Bill's Lecture - Brierley Hill
This is the church at Bank Street, Brierley Hill, we're going quite a tour up to Dudley now, and it was full of stained glass windows and they were going to demolish it. And the pastor called me in to see, what about all the glass. I said, well what are you going to do. It can be taken out and stored ready to put in the new church. He said it isn't you know, what’s the point in building a new church and have all the old windows back in, he said, it’s just like the old church. It was hard lines on people who gathered their money together, you know, in memory of their relatives. To think that they’ve all got to be about anyone’s grandmother. Anyhow, I didn't get the chance, I was on holiday at the time they wanted them all whipped out quickly, what became of them we don't know. One or two of them were retained, in fact this one which is over their chancery, chancel or whatever you call it, a very fine window that, that was kept and its retained and is still in the present church.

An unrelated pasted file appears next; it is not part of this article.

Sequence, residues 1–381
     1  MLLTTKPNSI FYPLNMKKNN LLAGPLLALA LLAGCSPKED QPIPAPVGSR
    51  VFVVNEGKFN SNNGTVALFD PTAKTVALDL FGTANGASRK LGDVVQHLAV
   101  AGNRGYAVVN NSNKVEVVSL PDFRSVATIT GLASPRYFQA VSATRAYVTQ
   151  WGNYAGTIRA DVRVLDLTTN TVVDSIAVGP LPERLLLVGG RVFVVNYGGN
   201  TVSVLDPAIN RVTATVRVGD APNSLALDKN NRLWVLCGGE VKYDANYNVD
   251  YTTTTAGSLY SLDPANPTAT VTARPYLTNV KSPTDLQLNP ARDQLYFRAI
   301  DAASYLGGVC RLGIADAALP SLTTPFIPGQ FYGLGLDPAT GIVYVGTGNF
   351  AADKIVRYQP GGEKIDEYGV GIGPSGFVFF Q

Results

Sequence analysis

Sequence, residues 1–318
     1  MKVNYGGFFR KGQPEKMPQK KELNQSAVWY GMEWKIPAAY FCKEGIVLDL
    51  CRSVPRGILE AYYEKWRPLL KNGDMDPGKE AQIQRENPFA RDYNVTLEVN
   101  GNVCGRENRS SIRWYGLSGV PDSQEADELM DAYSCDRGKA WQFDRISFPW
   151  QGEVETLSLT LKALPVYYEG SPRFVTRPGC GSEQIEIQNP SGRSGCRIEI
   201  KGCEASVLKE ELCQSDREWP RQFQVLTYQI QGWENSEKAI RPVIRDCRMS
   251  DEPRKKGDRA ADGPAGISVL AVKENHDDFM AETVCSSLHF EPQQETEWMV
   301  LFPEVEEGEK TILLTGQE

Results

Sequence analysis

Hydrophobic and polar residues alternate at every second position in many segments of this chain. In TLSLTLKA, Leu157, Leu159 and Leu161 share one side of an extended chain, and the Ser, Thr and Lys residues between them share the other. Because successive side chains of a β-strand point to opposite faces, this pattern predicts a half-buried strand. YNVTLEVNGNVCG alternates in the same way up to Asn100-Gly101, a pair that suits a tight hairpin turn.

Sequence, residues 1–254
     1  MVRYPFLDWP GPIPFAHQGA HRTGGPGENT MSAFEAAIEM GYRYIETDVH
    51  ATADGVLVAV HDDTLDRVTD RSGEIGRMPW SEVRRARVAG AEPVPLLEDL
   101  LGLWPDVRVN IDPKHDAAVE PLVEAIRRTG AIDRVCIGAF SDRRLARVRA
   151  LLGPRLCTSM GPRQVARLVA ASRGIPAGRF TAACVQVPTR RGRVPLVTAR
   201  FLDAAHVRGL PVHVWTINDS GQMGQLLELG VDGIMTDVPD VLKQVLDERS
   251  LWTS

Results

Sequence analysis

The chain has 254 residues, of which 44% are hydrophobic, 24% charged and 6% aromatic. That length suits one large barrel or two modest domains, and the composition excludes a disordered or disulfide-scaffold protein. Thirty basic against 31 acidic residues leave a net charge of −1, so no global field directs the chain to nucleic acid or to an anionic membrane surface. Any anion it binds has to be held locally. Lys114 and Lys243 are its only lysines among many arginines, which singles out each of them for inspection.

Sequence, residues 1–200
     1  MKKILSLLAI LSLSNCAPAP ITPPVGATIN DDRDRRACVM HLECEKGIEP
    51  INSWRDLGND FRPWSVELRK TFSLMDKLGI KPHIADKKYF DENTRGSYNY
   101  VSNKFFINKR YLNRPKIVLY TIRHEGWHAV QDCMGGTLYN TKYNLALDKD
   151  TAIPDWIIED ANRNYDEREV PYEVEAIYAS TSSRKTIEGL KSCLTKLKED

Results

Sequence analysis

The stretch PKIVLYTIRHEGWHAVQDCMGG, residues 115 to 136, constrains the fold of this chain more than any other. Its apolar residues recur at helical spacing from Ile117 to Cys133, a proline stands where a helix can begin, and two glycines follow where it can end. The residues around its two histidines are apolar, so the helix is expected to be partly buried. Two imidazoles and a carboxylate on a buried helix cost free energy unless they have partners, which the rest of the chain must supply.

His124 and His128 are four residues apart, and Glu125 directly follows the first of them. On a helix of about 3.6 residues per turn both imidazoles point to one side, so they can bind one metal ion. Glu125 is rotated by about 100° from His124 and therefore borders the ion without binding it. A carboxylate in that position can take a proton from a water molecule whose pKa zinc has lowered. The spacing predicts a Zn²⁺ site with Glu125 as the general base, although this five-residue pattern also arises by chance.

The new church in 2016
Now every window in that church, there were 36 of
them, all stained glass, and it seemed to me such a shame. In fact there
was a window of mine, I did a window, about 1936, these were Victorian,
high up, on the side of the window, on the side of the chancel wall, but
... there's another pot boiler when I showed it him like that he said, its
just like the Pink Paraffin man, sort of light the world, it was an advert
or something in the paper, not a very fine example, I wouldn't think, of
stained glass. That was my window, and I was surprised when I saw it, I
said well did I do that? I don't think I could do it today, I'm not as
steady as I was when I was a younger man. (no pictures of these windows
It's a carbon copy of the Finding of the Saviour in the Temple, you know, Holman Hunt’s famous painting in the Birmingham Reference Library, one of the pre-Raphaelites. Too much carbon copy of that. Very, very beautifully done, too.